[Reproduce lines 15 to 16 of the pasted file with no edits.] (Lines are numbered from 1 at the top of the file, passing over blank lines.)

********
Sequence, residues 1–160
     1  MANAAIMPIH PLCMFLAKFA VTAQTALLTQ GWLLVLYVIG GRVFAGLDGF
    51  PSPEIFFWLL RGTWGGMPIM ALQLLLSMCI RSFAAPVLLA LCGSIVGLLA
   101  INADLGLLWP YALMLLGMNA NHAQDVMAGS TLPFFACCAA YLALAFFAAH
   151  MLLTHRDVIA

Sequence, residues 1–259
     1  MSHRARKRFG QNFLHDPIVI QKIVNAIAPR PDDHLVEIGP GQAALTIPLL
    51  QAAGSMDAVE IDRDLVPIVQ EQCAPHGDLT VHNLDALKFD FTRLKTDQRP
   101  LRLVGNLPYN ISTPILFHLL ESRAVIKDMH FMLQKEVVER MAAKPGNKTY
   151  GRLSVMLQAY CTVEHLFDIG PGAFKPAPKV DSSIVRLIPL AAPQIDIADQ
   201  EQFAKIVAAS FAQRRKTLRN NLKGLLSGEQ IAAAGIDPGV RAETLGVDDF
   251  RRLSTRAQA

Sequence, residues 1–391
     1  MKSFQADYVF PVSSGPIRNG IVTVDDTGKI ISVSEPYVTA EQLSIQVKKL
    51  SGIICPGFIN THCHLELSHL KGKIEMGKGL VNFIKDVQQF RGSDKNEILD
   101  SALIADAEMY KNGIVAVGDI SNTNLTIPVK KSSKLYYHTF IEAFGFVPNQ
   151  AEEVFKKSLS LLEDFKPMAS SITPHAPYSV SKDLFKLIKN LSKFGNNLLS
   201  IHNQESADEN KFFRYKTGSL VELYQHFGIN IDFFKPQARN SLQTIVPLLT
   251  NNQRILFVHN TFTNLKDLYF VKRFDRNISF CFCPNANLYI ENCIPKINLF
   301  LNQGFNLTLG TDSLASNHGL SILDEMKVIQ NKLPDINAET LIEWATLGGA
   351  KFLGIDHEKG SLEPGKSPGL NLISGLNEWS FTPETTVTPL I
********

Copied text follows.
    51  SGIICPGFIN THCHLELSHL KGKIEMGKGL VNFIKDVQQF RGSDKNEILD
   101  SALIADAEMY KNGIVAVGDI SNTNLTIPVK KSSKLYYHTF IEAFGFVPNQ